Qatar Airways will force all passengers in economy to wear face shields – but the measure will not be mandatory for those in business class.
The announcement comes as part of a wider move to increase safety measures that will see passengers provided with a single-use surgical face mask, disposable gloves and alcohol-based hand sanitiser.
The airline is now the biggest international carrier in Australia after its share of passengers travelling to and from the country leapt from just 3 per cent to 44.5 per cent in April.
Qatar said the discrepancy in policy on wearing face shields is due to business class customers enjoying “more space and privacy”. Customers will be able to take them off while eating.
The shields will come in different sizes for adults and children and the latter will feature the airline’s Oryx Kids Club mascot as part of their design. Parents are advised that those under two won’t need to wear them.
Those travelling from the airline’s home base of Hamad will be handed the shields at check-in, while those in countries such as Australia will be given the protection at the boarding gates.
In addition, customers will also be given a complimentary protective kit in a zip pocket.
During both boarding and disembarkation, all passengers will be asked to wear both their face mask and face shield.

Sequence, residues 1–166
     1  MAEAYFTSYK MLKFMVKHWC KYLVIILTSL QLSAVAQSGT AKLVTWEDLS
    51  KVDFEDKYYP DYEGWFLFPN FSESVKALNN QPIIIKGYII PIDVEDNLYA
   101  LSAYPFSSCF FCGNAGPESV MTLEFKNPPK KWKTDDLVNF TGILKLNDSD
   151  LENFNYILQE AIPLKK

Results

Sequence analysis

The new measures come in addition to existing procedures to minimise the spread of coronavirus.
Business class meals are now served on a tray instead of a table and cutlery wrap is offered to passengers as an alternative to individual cutlery service.
Qatar now uses only single-use menu cards and sealed refresh wipes. All social areas onboard are now closed to enhance social distancing.
All onboard linen and blankets are washed to “microbial lethal temperature”, while headsets are “rigorously sanitised” after each flight.
All crew are now “thermally screened” before flight departure and are quarantined and tested if any colleagues or passengers on a flight shows any symptoms of having COVID-19.
Qatar is now comfortably the biggest international carrier in Australia, having displaced previous number one Qantas.
The airline now estimates it has repatriated almost 2 million people since the start of the pandemic. Globally, the business relaunched 11 destinations on 1 July and hopes to expand to more than 65 destinations worldwide by mid-July.